Tuesday, September 25, 2012

The grey economy. Might pensioners have those $100 notes?

Elderly Australians committing welfare fraud on a massive scale are behind the extraordinarily high number of $100 notes in circulation in Australia, according to a former senior Reserve Bank official.

The Herald revealed yesterday there are now ten green $100 notes in circulation for each Australian, far more than the more-commonly seen orange $20 notes.

One popular explanation is that they are used for illegal transactions as part of the cash economy, something former Reserve official, Peter Mair, rejects as a “furphy”.

But, in a letter to Reserve governor Glenn Stevens dated July 4, Mr Mair laid the blame squarely on elderly people wanting to get the pension and hiding their income in cash to ensure they qualify for the means-tested benefit.

“The Bank is basically facilitating a tax avoidance scheme by issuing high denomination notes,” he told the Herald. “They are not needed for day-to-day transaction purposes, or even as reasonable stores of value."

His best guess is the average pensioner couple holds up to $50,000 in undeclared $50 and $100 notes in order to get access to the pension.

Mr Mair added that when the green plastic $100 note replaced the grey paper note in 1996, the Martin Place headquarters of the Reserve Bank received regular visits from retirees wanting to withdraw large quantities of the new notes. He said the commercial banks had sent them to the Reserve Bank because they didn't have enough $100 notes on hand.

Mr Mair says the return for an Australian close to getting the pension who holds $10,000 in cash, rather than declaring it, is “enormous”...

“If putting it under the bed or in a cupboard means you qualify for the pensioner card you get discounted council rates, discounted car registration, discounted phone rental - in percentage terms the return is enormous,” he said.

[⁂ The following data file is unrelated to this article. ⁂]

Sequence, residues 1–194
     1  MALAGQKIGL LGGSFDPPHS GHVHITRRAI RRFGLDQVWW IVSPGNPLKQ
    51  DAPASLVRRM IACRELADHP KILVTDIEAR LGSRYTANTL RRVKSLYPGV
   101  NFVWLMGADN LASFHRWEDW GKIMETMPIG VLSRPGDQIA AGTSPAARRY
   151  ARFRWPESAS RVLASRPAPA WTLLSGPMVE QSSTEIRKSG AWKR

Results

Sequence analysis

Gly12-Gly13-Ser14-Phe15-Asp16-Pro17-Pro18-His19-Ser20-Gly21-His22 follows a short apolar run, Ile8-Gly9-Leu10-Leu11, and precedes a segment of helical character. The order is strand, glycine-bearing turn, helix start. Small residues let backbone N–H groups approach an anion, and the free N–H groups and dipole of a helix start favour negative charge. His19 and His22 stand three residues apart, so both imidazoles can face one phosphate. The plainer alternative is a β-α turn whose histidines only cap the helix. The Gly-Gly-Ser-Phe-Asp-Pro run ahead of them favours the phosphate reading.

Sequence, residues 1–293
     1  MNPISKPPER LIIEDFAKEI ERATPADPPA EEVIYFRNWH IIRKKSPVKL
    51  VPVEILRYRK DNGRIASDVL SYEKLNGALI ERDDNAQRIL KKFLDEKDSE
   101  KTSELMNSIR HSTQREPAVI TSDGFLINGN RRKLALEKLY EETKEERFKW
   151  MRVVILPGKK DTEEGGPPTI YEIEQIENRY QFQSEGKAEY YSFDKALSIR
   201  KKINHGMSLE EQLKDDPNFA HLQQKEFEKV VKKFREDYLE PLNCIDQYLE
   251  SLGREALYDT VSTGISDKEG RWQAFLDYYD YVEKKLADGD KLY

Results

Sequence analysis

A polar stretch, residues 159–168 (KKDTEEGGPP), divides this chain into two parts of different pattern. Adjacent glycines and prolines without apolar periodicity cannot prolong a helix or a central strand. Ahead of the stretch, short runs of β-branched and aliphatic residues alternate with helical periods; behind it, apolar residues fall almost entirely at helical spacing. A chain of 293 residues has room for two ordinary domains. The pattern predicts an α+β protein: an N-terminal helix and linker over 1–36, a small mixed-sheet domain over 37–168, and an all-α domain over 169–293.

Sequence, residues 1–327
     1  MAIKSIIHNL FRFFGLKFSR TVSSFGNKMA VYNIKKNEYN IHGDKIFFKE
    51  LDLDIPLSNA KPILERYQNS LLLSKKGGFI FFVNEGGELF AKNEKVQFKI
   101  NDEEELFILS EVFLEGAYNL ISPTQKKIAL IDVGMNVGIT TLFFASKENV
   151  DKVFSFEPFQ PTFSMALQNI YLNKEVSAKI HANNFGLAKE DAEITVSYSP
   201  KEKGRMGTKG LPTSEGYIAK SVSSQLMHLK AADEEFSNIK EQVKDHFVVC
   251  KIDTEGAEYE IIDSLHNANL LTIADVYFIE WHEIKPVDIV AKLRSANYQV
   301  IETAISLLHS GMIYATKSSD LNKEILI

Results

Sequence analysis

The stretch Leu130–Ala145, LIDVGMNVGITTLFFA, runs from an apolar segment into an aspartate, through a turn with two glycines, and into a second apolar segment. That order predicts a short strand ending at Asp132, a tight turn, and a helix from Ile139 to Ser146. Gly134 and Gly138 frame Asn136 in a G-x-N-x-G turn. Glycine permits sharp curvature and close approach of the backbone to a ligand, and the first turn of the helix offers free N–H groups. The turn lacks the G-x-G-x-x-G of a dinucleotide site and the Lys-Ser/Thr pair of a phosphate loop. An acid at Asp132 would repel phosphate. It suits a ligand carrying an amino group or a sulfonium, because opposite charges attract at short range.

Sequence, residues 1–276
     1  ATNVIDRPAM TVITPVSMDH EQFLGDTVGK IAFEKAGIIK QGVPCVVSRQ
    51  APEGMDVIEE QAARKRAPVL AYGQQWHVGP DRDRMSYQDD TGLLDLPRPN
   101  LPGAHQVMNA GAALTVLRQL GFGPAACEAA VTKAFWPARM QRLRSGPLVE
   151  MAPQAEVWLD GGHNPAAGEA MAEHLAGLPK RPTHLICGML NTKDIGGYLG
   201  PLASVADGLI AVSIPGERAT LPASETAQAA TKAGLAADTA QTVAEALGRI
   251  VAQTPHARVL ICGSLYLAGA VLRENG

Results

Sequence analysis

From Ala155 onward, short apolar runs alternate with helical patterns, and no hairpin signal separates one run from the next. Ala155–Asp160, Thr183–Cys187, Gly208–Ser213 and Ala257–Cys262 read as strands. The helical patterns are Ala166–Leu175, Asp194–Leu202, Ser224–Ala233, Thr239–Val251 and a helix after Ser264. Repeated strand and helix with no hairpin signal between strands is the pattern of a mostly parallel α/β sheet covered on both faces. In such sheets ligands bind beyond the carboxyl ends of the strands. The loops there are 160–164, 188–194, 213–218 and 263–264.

Mr Mair is a former senior Reserve Bank manager responsible for the payments system. He assisted both the Campbell and Wallis inquiries into the financial system.
He used comparisons of the per capita holdings of large denomination currency in Australia and New Zealand to back his argument.

“In broad terms the average value of notes held by New Zealanders is about one third of the $A2000 held by Australians - almost all of which by value is in the $50 and $100 denominations,” he wrote in his letter to the Reserve Bank governor.

“An obvious explanation for the difference is means-test free age-pensions in New Zealand.”

His letter to the governor proposes phasing out the $100 and $50 denominations which he says technology has rendered unnecessary.

“Cards and the internet have delivered a body blow to high denomination bank notes, they are redundant,” he told the Herald/Age. “There is no longer any point in issuing them except to facilitate tax dodging.”

“The authorities would announce that from, say, June 2015 every $100 and $50 note could be redeemed but no new notes would be issued. After June 2017 every note could only be redeemed at an annual discount of 10 per cent. It would mean that after two years each $100 note could only be redeemed for $80, and so on.”

The letter acknowledges the proposal would be “contentious” and says it should not be done “in any way precipitously” but says as retail payments become progressively more electronic it will become inevitable.

“What would remain in circulation are coins and a modestly expanded issue of currency notes in the $10 and $20 denominations: there is every reason to expect that a national currency issue of this character would soon be adequate to meet the reasonable needs of a community ever more exclusively making substantial payments electronically,” the letter says.

Mr Mair would also strip the Reserve Bank of authority for issuing notes, handing it back to the Treasury which had it until 1911.

“Treasury already issues our coins. If it issued our notes as well it would be much more interested than the Bank in making sure people didn't hoard them to load up on the pension, because it pays the pension.”

In today's Canberra Times, Sydney Morning Herald and Age



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